Recently, the McClung Museum debuted the miniature exhibition Masterful Mammals in order to showcase lesser known Audubon prints from our permanent collection. While Audubon is well known for his birds prints, which the museum has showcased many times and has amassed a substantial representation of within our permanent collection, the museum is taking this opportunity through the display of these lesser known prints to be mindful of other lesser known facts about Audubon himself.
Apart from completing several volumes dedicated to the four-legged mammals of North America, Audubon had other aspects to his character that are not as widely known or discussed. While tacking these issues oftentimes proves difficult, as a museum we feel it is best to acknowledge them.
It has been well documented that Audubon held white supremacist views and enslaved at least nine people during his lifetime. While many scholars have speculated about Audubon’s heritage, he was born in Saint-Domingue (present day Haiti) to a plantation owner and a mistress of Creole/African descent, he used his white passing privilege to justify his beliefs and actions against people of color.
While messy and complex, this history is necessary to reconcile as we, not only at the museum but the broader art and ornithology worlds, move towards more transparent and ethical practices in showcasing, displaying, and discussing Audubon’s work. While it is impossible to know if Audubon relied on Indigenous and local knowledge about flora and fauna to complete Viviparous Quadrupeds of North America (given most of the work for these volumes was actually done by his son), scholars have noted that Audubon relied on Indigenous and Black knowledge while completing his magnum opus, The Birds of America, as Native and Black peoples gave him information about where and how to find certain birds.Audubon shows his true colors in a short story titled “The Runaway” that appeared in Ornithological Biography, a companion piece to The Birds of America. In the story, Audubon recounts encountering an escaped enslaved family in a swamp. In the story, Audubon retells how after spending the night with the family, the next day he takes them back to their original master so that they can be enslaved once again. He then chooses to describe them as “happy” with their reenslavement. Whether true or fictional (many of these short stories were fictional), Audubon paints himself as both the savior of the family through the return to their master and a defender of slaveholder’s assumed rights to own humans as property. This glimpse into Audubon’s true character and treatment of people of color, especially considering the likelihood of this being a fictional “fantasy” for Audubon and many of his readers, shows us that he not only benefitted from his white passing privilege, but actively used it to reinforce white supremacist and dehumanizing beliefs and behaviors towards people of color.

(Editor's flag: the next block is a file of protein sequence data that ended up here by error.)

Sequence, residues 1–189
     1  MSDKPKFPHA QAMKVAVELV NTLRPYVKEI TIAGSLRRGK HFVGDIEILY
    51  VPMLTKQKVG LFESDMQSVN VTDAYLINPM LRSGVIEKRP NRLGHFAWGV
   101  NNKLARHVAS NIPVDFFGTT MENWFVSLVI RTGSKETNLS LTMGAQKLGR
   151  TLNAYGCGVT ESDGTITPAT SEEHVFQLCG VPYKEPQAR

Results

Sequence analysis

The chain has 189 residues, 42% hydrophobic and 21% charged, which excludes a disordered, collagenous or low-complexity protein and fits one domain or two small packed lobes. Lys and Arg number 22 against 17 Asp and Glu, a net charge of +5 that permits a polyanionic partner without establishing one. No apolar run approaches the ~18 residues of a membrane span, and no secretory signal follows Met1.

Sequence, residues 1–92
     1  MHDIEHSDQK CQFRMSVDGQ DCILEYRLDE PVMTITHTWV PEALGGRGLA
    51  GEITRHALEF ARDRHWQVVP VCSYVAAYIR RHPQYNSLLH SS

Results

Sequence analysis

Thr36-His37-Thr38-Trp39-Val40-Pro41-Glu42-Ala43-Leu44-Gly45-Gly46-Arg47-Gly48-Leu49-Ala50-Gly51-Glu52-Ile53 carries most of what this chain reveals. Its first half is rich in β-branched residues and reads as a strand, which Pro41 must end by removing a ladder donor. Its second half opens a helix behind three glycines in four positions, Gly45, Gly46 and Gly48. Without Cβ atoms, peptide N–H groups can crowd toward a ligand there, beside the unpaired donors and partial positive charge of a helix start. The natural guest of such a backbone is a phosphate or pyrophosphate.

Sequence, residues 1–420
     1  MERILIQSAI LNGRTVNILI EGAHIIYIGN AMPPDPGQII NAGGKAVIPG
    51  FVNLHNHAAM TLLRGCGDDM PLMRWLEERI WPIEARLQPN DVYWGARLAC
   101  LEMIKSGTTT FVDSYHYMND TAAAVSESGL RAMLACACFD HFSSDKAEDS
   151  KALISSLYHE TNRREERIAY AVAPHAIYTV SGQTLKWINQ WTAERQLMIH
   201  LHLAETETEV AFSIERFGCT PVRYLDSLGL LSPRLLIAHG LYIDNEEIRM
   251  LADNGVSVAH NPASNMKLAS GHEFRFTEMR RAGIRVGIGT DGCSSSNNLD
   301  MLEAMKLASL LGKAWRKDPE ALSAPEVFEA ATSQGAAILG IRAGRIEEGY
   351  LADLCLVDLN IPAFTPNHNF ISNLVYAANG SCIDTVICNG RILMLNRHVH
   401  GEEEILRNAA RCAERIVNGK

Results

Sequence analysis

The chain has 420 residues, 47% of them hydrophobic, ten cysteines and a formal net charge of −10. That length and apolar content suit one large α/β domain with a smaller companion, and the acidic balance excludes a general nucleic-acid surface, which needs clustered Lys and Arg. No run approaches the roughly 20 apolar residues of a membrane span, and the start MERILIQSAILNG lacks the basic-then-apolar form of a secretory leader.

By calling attention to the problematic pasts of heroes of the art and natural history worlds, such as Audubon, we are able to recontextualize, redefine, and reexamine our understandings and our relationships to these people. As a museum, it is our duty to contextualize the objects we showcase in order for our viewer to understand the whole picture, and by addressing Audubon’s past, we hope to be able to move forward towards more equitable and ethical museum practices by refusing to excuse his behavior or simply label him a “man of his time” as so many have done.